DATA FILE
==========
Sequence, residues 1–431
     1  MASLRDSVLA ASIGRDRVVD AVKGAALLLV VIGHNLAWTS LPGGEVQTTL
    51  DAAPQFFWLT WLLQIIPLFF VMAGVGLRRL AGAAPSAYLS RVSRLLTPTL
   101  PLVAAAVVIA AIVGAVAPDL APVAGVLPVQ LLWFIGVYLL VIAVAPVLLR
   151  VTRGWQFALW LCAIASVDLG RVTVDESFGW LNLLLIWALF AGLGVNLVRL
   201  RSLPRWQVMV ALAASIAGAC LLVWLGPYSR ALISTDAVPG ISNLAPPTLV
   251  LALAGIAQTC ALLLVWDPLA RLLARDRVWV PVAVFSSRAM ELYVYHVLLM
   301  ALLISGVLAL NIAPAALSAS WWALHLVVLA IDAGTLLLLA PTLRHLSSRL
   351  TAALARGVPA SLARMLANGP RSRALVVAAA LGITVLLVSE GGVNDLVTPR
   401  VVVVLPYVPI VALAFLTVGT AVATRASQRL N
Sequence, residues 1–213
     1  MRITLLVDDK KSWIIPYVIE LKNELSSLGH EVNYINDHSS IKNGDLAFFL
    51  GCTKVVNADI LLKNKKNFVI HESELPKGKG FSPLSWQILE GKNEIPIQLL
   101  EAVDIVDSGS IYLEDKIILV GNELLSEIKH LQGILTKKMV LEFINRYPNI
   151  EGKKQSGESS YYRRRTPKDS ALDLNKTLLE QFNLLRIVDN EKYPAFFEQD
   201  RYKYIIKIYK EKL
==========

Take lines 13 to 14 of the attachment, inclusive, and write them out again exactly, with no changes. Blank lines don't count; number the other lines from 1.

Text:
    51  GCTKVVNADI LLKNKKNFVI HESELPKGKG FSPLSWQILE GKNEIPIQLL
   101  EAVDIVDSGS IYLEDKIILV GNELLSEIKH LQGILTKKMV LEFINRYPNI